Hi-diddly-ho there! This is not Ned Flanders from “The Simpsons” but The Sassy Lass, your friendly neighborhood brainiac. Questions about flying planes, falling rains and roundabout lanes round out this week’s column, so let’s dive right in!
BY M. BRIANNA STALLINGS
Dear Sassy Lass: When bad weather cancels flights and leaves people stranded at airports, they talk about the number of canceled flights at airports across the country. To put that in perspective, we’re never told how many flights there are in a day in the U.S.
That’s a good question, Frequent Flyer, and one with more than one answer. During the business week, there are about 22,000 scheduled commercial passenger airline flights a day. Over the weekends, though, that number can drop to 18,000 flights a day during low flight seasons and dead zones. These times include immediately before or after peak holiday periods (Fourth of July, Thanksgiving, Christmas, etc.) and most of January, among others.
Conversely, some heavy days during high flight seasons may have as many as 25,000 flights. On Monday, June 20, there were 24,489 flights as reported by FlightStats.com.
Thanks to Joe Brancatelli, former executive editor of Frequent Flyer magazine, for his gracious assistance with this question.
Dear Sassy Lass: Now that Albuquerque is headed into Monsoon season, meteorologists will talk about inches of rain, or even hundredths of inches of rain. How can you measure such a small amount? If I wanted to measure rainfall in my neighborhood, what kind of container would I need?
Perfect timing for this query, Rain Ranger! The National Oceanic and Atmospheric Administration reports that we’re in the early days of our annual Monsoon season, which starts every summer around this time and runs through Sept. 30. There’s more rain in New Mexico than what we’re used to in other months; in fact we get half of our annual precipitation during this time.
With all that downpour, some folks might want to keep track of how many inches of rain we’re getting. That’s where a rain gauge comes in handy. Also known as an udometer, pluviometer or ombrometer, a rain gauge is used to gather and measure the amount of liquid precipitation over a period of time. It’s composed of three parts: a funnel, a measuring tube, and a 4-inch diameter overflow tube, and a mounting bracket.
Here’s how a rain gauge works. The funnel directs rain into the tube then magnifies it by a factor of 10. The circular collection area is exactly ten times that of the accumulation tube into which it drains, so each one-hundredth inch of rainfall stands one-tenth inch deep in the accumulation tube. This means that citizen scientists can report rainfall to the nearest 0.01 of an inch. If some rain fell, but there is nothing, or less than 0.01 inch, in your gauge, report it as T for a trace amount.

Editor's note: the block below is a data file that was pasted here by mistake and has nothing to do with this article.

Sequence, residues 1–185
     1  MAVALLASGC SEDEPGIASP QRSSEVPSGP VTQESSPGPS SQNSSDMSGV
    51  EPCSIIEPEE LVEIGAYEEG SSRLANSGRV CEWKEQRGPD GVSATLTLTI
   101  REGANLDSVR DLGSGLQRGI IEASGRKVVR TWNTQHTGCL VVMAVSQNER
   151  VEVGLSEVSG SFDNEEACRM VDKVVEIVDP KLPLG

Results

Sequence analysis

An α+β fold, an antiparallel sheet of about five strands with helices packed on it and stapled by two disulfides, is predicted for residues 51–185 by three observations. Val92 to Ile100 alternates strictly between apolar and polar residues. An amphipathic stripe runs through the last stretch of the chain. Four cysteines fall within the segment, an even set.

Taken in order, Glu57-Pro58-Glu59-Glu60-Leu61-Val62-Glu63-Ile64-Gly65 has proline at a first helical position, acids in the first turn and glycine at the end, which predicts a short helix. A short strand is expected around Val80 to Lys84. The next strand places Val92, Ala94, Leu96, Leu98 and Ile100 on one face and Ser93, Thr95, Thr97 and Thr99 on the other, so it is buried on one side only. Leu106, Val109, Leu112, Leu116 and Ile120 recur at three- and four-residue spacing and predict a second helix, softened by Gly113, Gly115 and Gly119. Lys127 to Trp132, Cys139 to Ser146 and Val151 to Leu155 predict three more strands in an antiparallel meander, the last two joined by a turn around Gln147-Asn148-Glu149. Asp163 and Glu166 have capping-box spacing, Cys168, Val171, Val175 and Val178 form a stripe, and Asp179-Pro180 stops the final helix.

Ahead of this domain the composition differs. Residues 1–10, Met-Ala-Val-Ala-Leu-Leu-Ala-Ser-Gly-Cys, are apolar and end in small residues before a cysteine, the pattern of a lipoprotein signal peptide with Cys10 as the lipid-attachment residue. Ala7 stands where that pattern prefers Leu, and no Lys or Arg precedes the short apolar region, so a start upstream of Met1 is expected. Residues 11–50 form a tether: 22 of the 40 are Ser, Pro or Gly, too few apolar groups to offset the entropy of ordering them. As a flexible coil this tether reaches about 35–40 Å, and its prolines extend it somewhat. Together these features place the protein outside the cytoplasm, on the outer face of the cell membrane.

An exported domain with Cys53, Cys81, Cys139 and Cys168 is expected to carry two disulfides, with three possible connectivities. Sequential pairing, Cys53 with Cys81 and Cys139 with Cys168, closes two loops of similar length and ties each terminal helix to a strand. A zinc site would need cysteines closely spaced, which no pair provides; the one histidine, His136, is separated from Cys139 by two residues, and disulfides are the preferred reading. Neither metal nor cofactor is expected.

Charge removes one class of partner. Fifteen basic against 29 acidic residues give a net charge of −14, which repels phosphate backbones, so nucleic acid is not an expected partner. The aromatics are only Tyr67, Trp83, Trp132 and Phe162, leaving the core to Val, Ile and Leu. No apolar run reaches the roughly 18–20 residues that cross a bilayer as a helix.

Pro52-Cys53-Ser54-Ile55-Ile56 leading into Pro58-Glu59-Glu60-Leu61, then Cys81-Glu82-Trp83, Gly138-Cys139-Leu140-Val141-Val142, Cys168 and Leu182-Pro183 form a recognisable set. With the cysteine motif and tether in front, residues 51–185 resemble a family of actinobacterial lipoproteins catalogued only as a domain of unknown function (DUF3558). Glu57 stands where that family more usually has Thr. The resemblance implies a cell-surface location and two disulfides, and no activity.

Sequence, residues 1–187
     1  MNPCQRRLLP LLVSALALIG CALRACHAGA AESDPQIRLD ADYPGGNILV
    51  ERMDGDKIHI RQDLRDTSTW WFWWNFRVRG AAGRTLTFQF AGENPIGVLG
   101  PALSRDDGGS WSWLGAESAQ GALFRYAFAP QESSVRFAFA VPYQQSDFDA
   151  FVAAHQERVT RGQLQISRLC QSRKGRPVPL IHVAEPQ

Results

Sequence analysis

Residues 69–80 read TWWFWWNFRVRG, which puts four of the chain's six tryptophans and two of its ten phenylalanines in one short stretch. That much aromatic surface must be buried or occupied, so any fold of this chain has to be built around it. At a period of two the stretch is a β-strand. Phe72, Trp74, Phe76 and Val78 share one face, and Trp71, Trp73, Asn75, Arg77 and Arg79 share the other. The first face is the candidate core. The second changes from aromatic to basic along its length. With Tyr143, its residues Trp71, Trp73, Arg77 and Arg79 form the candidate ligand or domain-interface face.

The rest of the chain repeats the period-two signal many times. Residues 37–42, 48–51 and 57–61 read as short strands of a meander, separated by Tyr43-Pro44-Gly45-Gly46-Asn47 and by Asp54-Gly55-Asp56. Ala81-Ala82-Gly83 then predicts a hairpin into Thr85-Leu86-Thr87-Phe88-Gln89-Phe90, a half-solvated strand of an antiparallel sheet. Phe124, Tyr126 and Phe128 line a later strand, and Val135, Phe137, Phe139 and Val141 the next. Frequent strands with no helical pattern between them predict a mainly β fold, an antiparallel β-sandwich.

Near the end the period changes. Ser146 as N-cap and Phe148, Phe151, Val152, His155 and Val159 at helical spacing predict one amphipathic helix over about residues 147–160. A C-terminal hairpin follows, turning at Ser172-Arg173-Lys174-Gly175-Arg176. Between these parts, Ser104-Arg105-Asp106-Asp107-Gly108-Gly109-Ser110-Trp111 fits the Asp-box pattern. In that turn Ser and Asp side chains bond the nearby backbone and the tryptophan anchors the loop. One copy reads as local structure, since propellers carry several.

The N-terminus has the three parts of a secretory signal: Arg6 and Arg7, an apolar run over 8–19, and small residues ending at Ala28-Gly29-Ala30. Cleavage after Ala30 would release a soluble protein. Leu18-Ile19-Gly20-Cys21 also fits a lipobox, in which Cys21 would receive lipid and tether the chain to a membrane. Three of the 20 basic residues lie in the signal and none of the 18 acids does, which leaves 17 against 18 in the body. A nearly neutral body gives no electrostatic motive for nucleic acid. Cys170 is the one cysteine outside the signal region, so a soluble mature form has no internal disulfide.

Dear Sassy Lass: There’s been talk of putting a roundabout at the intersection of Rio Grande and Candelaria. When does it go in?
No matter what you call it, Traffic Tracker — a roundabout, traffic circle, road circle or rotary — these circular junctions are proven to reduce speeders and the number of accidents in high-traffic areas.
Quick Driver’s Ed Refresher: Roundabouts make traffic slow down and flow in one direction around an island. Several exits splinter off to various intersecting roads. A 2000 analysis of roundabout crash data by the Insurance Institute for Highway Safety and the Federal High-way Administration found that round-abouts typically achieve a 37 percent reduction in overall crashes.
From 2004 to 2014, a total of 64 accidents were reported at the intersection of Candelaria and Rio Grande. Some neighbors have been seeking improvements to the intersection of Rio Grande and Candelaria since August 2006. In 2015, a roundabout — estimated to cost about $1.8 million — was approved for the intersection. The problem is that construction has yet to begin.
City Councilor Isaac Benton represents District 2, where the roundabout is slated to be built. In a recent phone interview Councilor Benton said that, because funding for the Rio Grande roundabout came from the Federal Highway Administration, the project is being handled on a state level by the New Mexico Department of Transportation, which moved the project back from this year to 2017. “It’s been a drawn-out process,” Benton said. Burqueños should be on the lookout for construction to begin next spring.
Got Qs? The Sassy Lass might have some As! Send your questions to firstname.lastname@example.org today. Your question could be next!
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